Georgia Lawmakers Reject a Casino Legislation in the 2016 Election Climate
Georgia lawmakers declined to bring up casino legislation for a vote earlier this week. Monday was considered “crossover day” in the Georgia State House of Representatives, meaning the deadline for House Resolution 807 to go to the State Senate for further consideration.
The House Regulated Industries Committee passed the bill unanimously last week, hoping to send HB 807 to the Senate this week. The bill never made it to the House floor this week, though, which effectively kills the bill for the remainder of 2016.
David Ralston Squelched the Vote
On Friday of last week, House Speaker David Ralston postponed a vote until this week, asking lawmakers to discuss the bill with their constituents over the weekend. Ralston’s move appeared to be a stalling tactic, because he declined to put the draft legislation up for a vote this week.
To justify inaction, David Ralston told House members that the “faith community felt they had not been heard”. Many Georgia evangelical Christians are against gambling expansion on moral grounds.
Governor Deal against the Bill
Georgia Governor Nathan Deal said he was against the House Resolution 807, because he felt casino gambling would not “enhance the climate of the state”. Gov. Deal expressed concerns that the buidling of casinos would offer lottery gamblers and alternative to playing the lotto, so it might hurt lottery revenues for the state treasury.
House Resolution 807 would have placed a referendum on the November election ballot for the people of Georgia. Such a bill would have allowed for up to 4 brick-and-mortar casinos in the state. Currently, Georgia does not have land-based casino gambling, though a small number of casino cruises leave from Georgia ports. Casino cruises go out 3 miles into international waters, thus skirting Georgia’s state bans on casino gambling.
HOPE Scholarship Fund Payments
Those who supported the gaming bill added provisions so casino gambling would fund the HOPE education scholarship program. The HOPE scholarship program is perpetually underfunded. Georgia, like other parts of the United States, is facing a college education pricing crisis. Many Americans who attend four years of college end up with high five-figure and six-figure debts from their college loans.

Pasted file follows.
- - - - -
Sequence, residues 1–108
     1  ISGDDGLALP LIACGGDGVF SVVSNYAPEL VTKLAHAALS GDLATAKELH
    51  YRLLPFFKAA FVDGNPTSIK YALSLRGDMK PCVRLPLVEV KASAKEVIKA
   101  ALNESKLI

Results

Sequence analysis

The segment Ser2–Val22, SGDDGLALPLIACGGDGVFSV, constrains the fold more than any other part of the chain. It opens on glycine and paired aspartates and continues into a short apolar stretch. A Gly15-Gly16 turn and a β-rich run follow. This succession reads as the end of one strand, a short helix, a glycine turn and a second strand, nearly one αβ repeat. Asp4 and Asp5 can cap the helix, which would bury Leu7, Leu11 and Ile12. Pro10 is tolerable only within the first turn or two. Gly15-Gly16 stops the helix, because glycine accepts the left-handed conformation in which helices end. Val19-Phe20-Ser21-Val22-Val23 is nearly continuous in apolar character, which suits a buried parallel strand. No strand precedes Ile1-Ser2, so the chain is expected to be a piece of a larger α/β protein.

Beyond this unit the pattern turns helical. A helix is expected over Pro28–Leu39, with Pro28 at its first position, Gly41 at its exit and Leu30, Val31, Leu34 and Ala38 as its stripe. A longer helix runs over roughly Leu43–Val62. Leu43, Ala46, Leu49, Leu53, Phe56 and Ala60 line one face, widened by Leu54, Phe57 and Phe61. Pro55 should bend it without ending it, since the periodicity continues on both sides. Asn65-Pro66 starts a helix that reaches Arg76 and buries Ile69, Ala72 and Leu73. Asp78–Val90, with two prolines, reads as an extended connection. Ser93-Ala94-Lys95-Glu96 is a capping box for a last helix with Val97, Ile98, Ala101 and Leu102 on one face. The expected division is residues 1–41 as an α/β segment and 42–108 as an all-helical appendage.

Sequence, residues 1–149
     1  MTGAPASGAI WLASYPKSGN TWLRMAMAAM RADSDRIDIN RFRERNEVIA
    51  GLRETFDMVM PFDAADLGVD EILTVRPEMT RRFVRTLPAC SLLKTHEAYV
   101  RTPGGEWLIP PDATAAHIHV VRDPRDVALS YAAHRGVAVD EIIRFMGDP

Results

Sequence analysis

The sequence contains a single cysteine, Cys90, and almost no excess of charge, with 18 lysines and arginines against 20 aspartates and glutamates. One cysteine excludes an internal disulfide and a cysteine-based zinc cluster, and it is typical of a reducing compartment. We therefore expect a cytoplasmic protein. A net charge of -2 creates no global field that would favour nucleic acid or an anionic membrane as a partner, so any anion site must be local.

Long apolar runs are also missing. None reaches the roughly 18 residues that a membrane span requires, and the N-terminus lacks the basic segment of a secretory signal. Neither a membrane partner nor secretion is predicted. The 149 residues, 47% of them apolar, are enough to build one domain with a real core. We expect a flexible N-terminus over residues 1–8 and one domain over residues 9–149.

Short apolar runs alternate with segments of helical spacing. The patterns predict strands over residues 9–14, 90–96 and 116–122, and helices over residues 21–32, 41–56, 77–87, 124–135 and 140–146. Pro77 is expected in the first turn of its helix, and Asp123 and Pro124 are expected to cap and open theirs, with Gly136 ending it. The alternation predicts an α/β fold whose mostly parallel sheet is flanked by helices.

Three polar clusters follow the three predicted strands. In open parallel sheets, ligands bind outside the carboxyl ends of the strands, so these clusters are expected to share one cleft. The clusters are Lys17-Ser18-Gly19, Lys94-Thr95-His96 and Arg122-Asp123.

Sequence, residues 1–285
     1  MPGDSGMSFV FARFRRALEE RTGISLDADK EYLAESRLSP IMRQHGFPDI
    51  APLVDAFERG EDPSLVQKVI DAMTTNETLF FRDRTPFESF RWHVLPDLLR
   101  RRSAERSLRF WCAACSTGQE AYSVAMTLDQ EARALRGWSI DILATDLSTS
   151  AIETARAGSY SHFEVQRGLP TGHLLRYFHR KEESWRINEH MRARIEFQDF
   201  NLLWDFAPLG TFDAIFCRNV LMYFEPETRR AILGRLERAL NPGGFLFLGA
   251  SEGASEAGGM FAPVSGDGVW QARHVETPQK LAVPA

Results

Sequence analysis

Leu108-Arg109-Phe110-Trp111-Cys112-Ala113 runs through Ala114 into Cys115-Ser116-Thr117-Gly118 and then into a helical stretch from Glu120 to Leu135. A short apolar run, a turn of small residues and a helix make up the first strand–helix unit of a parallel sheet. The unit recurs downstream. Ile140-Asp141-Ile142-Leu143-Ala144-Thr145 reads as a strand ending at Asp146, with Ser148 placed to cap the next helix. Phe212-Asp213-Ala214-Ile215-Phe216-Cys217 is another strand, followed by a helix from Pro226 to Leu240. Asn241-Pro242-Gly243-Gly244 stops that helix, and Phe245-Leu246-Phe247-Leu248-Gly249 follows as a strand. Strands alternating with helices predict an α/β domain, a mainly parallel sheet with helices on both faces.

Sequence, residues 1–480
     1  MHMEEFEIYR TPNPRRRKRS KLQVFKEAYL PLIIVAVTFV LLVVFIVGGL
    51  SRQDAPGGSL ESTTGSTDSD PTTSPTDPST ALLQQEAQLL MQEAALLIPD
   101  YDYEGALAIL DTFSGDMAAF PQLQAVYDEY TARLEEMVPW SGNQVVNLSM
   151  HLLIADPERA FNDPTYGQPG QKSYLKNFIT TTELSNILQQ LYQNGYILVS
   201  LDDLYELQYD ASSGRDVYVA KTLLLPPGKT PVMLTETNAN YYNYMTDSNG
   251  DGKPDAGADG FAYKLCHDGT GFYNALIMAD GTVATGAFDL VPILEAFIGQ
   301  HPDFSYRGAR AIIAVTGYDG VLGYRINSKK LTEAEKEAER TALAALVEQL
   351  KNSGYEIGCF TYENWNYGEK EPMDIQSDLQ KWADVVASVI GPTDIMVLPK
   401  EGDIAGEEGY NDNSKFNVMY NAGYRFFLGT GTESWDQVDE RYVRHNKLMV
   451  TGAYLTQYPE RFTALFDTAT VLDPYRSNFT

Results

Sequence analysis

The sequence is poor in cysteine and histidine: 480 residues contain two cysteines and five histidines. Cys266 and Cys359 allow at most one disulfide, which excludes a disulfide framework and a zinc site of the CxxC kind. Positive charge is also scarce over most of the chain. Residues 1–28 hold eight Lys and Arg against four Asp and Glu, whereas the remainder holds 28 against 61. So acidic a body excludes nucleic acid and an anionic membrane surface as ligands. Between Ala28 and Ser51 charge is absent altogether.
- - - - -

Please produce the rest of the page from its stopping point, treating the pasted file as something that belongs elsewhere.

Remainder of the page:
In the current work environment, it hardly makes sense to attain a college degree, which is a major problem for prospective students and for the society as a whole. The HOPE scholarship fund is Georgia’s answer, but it does not have the resources to make it a viable prop for the state’s student population. In such a way, lawmakers had hoped to make casino gambling palatable to Georgia’s conservative voter base.
Two Metro Atlanta Casinos
HR 807 would have called for two casinos in the Metro Atlanta area. One of the casinos had a provision for a minimum $1.25 billion investment by the casino development which gained that license. A secondary casino would have required a minimum $750 million investment.
MGM Resorts and Las Vegas Sands Corporation each had shown significant interest in the Metro Atlanta casinos. MGM Resorts made a show of touring the state last year, searching both Atlanta and Athens for potential casino sites.
Lobbying Efforts in Florida and Georgia
Sheldon Adelson of Las Vegas Sands had ended his multi-year lobbying effort to build a casino in South Florida. As he closed his lobbying operation in the State of Florida, media sources said he had chosen to focus on potential casino gambling in nearby Georgia.
Now, it appears Adelson’s hopes have been dashed in Georgia for 2016. It is never easy to have the state legislature sign off on a controversial bill in an election year. 2016 is a presidential election year fraught with peril for Republicans and Democrats alike.
GOP’s Potential Albatross in 2016
With real estate developer Donald Trump likely to be on the ballot as the Republican Party’s nominee for president, it was unlikely Georgia Republicans wanted to support a casino expansion bill. While Georgia is likely to be solidly Republican in the presidential race, that is little comfort to Republican candidates in key battleground districts.
Those candidates already are going to have trouble justifying support for Donald Trump at the head of the ticket, because of his bad manners, seeming lack of morals, and history in the gambling industry. To be defending the building of casinos in conservative Georgia is likely one bridge too far in 2016. Thus, Jim Murren and Sheldon Adelson are going to need to wait until 2017 to get a proper discussion of HR 807.
There is a provision which allows the House to attach a bill to an already-approved Senate bill, but that does not appear to be in the cards for the casino bill. Another plan for pushing gaming laws to the county level had been discussed by political pundits. Such a plan worked for the expansion of pro-alcohol laws in Georgia in 2011, but no such plan appears to have been discussed by Georgia lawmakers this time around.
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